With the universal appeal of block- buster comic book adaptations, comics are no longer simply for pimple-faced adolescents. But when one looks at the sexualized women kicking butt and taking names, it’s clear they never were. From mainstream ladies like Wonder Women to more niche characters like Vampirella, comic book babes have always been daringly desirable.


It’s been a long time since comics were just for kids. And even when they were, they kind of weren’t. From their inception, sex was as integral an ingredient to escapism as exotic adventures and, eventually, superpowers. Following the lead of pulps, comics were populated with rough-knuckled he-men. But the ladies of comics have long since shed the trappings of distressed damsels.

The long line of powerfully erotic women in comics starts years before Wonder Woman’s star-spangled bloomers hit the page with Sheena, Queen of the Jungle. Protector of the wilderness, Sheena oozed sex in her skimpy leopard skins as she snatched her male companion from the jaws of danger. Created by comics legend Will Eisner, she was the first female character to ever lead her own title.


In the 50s, a psychiatrist named Frederic Wertham published Seduction of the Innocent, which vilified comics – going so far as to suggest that Batman and Robin were gay. The book led to the creation of the Comics Code Authority, which essentially bankrupted the great EC Comics and limited “suggestive and salacious illustration.” The Golden Age heroine Phantom Lady, for example, went from wearing a cleavage-bearing halter and up-to-there skirt to a much more conservative crew neck (DC Comics eventually put her in a more revealing costume than ever). Some publishers shirked the Code by printing large-format magazines like Vampirella, who favored a barely-there bodysuit.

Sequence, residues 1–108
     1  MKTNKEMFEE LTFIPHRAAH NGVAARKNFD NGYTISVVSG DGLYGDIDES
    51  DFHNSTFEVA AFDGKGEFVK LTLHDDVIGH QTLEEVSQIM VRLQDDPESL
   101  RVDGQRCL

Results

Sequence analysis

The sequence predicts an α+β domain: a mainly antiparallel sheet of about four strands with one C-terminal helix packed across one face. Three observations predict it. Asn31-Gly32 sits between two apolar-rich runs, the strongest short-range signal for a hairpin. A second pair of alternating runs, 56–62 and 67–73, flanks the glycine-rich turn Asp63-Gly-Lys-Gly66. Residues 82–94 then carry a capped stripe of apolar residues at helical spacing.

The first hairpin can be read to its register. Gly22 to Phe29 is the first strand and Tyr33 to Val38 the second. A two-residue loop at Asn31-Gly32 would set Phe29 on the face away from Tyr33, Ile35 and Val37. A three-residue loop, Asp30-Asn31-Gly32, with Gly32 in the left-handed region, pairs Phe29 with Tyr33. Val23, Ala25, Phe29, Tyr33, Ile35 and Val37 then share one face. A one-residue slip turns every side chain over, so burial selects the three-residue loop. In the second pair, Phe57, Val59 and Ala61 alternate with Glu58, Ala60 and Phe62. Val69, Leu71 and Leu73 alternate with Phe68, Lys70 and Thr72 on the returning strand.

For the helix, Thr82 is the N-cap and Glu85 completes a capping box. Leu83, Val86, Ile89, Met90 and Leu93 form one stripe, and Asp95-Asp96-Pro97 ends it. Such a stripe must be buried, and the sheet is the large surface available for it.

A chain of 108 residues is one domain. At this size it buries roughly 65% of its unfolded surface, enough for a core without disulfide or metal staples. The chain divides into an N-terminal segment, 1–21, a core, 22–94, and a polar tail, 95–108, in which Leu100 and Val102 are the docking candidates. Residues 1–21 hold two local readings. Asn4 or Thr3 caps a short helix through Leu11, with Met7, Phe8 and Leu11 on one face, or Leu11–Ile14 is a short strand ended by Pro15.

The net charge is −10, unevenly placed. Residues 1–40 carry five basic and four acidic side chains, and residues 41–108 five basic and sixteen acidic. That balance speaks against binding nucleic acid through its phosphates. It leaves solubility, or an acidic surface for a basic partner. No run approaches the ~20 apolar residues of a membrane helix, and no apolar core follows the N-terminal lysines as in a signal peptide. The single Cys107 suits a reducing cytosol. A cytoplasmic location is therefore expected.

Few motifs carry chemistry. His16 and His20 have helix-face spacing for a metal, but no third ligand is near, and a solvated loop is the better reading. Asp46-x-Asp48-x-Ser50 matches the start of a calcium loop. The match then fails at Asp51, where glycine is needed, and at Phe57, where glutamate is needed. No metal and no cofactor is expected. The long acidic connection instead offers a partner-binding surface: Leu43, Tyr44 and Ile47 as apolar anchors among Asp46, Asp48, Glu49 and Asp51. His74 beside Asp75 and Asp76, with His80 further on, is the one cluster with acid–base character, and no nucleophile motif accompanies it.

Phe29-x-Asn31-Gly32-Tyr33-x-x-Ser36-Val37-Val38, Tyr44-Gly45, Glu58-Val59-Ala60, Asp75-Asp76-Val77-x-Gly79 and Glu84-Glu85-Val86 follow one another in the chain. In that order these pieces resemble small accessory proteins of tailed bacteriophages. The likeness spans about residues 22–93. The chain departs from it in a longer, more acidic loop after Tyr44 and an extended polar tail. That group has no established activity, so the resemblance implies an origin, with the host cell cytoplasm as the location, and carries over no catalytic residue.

Through the 80s and 90s, the Code’s dictum that the women of comics bare less skin and be drawn without exaggerated physical assets seemed to be growing ever more lax. Characters from Red Sonja, with her chainmail bikini, to the all-female super-squad Femforce, with their low-cut unitards and thigh highs, continued to titillate as they kicked ass from panel to panel.


Nowadays, the Code is an abandoned relic. However, there is a line between sexualization and objectification, and it’s one that the comics industry sometimes crosses. Last year, Marvel cancelled a Spider-Woman cover by Milo Manara that put the hero in an impractical, ass-centric pose. “That particular cover was all about satisfying this deformed male gaze that has everything to do with objectifying women and reducing them to their body parts,” said Marjorie Liu, who’s written titles like X-23, Astonishing X-Men and the upcoming Monstress. “It wasn’t powerful, it was submissive.”

The erotic nature of women in comics tends toward the notion that power is sexy. Batman’s Harley Quinn, who was recently empowered enough to bail on her toxic relationship with the Joker, wields more sex appeal than ever. Sacrificing none of Diana’s beauty, Cliff Chiang’s recent run on Wonder Woman presented a fierce warrior rather than a sex kitten. It boils down to simply that powerful women are super hot.


Words Robert Tutton — All images courtesy of AC Comics

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